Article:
Some members of the Syrian Social Nationalist Party set up a provisional base in the Collège Saint Sauveur school, toward the east. The red Swastika-shaped whirlwind on the black flag was as menacing as it had always been, but they no longer instilled the fear that they did a few years ago, even in the mind of the pedestrian on Hamra Street, where their headquarters were located. At the moment, they stood on imaginary ramparts and feigned self-defense, an anachronism among the living. Who are these genteel people who still look at the map and think, with the exterminating fervor of National Socialists, that so and so peoples and lands are cut of the same cloth and must be sewn back together, and that this is a worthy doctrine and life cause to adopt, against the wishes of almost everyone else involved? Do they inherit the totalizing impulse from zealous fathers? What are their ruling planets? Every Monday they rehearsed a minor military parade, in  khaki pants, black t-shirts, and visibly frayed boots. Some of them were members of the armed wing, the Eagles of the Whirlwind, but no arms were included in the march. They took no part in the exchanges that happened in the area, and were content being left to their performances. Most of the people I knew there simply ignored their presence, passing by the base solemnly and making sure not to dally or let eyes wander.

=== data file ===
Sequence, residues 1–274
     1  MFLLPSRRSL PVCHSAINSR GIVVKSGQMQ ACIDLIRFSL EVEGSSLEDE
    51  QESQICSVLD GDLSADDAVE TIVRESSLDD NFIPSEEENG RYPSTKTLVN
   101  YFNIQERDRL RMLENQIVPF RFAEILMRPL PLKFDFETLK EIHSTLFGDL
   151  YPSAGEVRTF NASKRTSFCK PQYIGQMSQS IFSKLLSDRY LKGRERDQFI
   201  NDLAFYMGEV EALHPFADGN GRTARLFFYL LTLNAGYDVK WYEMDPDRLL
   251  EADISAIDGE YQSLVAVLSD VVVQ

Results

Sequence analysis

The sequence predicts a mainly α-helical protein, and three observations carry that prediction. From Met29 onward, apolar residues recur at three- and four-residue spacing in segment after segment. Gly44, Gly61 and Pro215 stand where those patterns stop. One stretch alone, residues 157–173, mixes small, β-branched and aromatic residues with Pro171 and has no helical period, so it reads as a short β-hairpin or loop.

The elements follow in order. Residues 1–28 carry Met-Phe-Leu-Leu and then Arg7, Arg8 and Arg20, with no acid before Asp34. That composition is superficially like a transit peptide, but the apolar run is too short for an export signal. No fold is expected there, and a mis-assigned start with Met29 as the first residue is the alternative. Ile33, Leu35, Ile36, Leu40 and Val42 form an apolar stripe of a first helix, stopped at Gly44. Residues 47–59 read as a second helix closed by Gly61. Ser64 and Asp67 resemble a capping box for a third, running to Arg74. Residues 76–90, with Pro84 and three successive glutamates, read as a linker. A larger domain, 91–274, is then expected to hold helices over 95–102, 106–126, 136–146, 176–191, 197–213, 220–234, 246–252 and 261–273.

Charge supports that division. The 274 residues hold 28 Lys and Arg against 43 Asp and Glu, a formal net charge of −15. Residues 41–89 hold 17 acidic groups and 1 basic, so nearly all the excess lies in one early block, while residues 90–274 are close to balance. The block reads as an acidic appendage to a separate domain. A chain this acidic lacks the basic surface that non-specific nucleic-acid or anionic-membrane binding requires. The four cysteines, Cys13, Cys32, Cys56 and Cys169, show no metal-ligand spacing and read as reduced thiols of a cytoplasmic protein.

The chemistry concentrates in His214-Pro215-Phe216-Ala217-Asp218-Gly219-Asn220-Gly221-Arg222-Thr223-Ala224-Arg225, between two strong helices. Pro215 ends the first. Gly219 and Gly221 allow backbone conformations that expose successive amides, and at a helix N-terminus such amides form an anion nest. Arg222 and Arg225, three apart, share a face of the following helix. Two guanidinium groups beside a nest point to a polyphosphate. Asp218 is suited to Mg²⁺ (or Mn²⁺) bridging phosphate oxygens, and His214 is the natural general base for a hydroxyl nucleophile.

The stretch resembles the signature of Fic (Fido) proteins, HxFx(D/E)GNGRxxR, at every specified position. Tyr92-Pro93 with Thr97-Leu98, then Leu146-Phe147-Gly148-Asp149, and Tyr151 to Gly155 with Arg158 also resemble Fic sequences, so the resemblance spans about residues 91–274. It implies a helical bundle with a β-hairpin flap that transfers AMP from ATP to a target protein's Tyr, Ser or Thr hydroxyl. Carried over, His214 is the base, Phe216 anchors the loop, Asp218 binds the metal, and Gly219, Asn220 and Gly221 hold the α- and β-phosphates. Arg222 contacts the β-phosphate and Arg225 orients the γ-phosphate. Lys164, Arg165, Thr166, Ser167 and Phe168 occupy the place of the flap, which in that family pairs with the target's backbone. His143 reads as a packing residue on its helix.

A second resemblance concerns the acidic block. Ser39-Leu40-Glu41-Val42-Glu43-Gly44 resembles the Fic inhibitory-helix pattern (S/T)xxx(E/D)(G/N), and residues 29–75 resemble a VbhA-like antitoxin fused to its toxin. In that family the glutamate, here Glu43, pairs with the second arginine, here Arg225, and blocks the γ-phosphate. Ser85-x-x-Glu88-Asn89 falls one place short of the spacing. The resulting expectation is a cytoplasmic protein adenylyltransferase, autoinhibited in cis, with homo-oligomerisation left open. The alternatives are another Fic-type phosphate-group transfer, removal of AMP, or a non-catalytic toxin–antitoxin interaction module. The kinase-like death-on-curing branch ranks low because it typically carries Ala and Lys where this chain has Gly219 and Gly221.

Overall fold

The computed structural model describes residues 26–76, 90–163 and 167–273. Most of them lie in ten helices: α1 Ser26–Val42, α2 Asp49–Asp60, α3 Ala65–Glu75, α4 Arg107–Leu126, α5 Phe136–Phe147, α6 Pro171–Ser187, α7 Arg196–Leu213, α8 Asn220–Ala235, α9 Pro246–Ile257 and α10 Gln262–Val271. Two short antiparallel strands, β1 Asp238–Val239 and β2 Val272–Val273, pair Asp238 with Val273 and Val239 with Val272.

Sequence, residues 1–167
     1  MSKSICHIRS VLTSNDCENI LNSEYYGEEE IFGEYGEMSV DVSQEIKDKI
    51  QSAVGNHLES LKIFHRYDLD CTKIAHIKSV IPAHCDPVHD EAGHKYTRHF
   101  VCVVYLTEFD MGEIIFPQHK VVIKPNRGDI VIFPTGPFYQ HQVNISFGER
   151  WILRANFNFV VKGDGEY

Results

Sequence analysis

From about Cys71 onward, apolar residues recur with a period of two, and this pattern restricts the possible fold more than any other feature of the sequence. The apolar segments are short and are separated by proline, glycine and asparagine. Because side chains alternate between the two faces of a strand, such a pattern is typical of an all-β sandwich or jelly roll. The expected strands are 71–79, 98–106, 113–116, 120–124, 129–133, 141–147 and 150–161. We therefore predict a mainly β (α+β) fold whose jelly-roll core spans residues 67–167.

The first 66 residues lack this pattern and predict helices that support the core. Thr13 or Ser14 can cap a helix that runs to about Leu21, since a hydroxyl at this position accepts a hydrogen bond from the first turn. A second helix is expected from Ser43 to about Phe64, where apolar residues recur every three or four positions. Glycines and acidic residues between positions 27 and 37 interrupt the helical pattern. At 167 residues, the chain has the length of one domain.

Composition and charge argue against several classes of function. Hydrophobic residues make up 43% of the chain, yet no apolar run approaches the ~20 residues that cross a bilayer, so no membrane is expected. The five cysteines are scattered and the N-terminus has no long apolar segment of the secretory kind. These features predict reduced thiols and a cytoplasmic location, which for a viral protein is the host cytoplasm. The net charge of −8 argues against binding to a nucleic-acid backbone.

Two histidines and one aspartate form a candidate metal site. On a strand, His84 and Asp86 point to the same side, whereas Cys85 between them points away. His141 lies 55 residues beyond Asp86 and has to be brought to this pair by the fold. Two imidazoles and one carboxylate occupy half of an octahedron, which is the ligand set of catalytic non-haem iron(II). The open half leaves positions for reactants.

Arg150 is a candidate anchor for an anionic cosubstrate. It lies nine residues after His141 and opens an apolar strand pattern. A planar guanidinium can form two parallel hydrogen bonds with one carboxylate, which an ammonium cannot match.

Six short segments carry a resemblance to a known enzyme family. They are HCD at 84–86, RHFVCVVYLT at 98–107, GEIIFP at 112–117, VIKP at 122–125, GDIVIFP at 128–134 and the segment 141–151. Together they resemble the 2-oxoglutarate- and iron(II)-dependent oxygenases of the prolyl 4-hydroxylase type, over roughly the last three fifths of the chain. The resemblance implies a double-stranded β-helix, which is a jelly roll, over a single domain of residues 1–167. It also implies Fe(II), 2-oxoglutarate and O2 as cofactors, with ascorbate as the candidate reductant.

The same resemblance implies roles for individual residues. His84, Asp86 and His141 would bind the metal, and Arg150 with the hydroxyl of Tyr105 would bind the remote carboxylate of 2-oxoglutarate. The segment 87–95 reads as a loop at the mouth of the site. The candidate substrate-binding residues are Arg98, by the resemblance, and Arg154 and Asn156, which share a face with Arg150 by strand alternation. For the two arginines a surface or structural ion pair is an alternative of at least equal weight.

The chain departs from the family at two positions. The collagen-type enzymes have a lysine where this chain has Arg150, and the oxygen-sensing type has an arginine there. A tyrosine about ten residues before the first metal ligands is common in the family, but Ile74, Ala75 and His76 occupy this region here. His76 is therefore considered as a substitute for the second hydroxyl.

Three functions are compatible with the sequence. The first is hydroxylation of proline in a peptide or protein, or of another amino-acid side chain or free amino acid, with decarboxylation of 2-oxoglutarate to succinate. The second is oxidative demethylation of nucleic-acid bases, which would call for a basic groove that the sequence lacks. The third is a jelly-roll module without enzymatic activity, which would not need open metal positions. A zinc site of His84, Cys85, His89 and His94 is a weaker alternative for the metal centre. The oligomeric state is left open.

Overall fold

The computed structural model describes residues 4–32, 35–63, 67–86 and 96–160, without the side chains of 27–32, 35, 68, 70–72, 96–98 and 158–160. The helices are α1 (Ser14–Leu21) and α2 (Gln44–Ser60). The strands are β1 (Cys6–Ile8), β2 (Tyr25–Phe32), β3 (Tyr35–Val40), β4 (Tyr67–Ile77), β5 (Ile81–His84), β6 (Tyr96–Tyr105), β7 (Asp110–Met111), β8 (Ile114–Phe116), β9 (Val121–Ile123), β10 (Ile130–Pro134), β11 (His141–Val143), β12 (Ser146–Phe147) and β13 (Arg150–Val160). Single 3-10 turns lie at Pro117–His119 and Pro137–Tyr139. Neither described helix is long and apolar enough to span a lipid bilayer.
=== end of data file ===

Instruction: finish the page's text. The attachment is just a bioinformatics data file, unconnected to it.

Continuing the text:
A few days later, I ran into someone I had yet to see in public or in daylight. His name was Jalal and he was someone I had met through a hook-up app last year, before deciding to become celibate. He had a foot and shoe fetish that he led with when arranging to meet with someone. (There is an oral consensus, at least among my friends, that an outsize portion of gay men in Beirut have foot fetishes, but I have yet to hear a reasonable explanation.) When I met him, he was studying biochemistry at the Lebanese University and working as a lab technician. I recognized the interiors in the photos he sent; he was apparently living in Mezna’s old apartment below the Geitaoui Hospital. To confess, that was a large part of why I decided to go over, even after he accepted to pay a hundred dollars. He said he enjoyed paying for the act and that the transaction was part of the kink. I arrived at the address and found that he had moved out of the apartment and into the building facing it. He said that he had only recently moved out of his parents’ house, that he was earning a decent wage with the amount of overtime hours he was doing. I was unemployed as I periodically was, since well before the rapture and before that was the case for every other person. He was tender in conversation with me, but he also came off as someone who is exceedingly stringent in his personal life. He lay on the floor under the coffee table and asked me to keep my shoes on throughout, as he welcomed all of the city’s dirt into our private exchange, as though he wished to muddy his tongue in retaliation for something.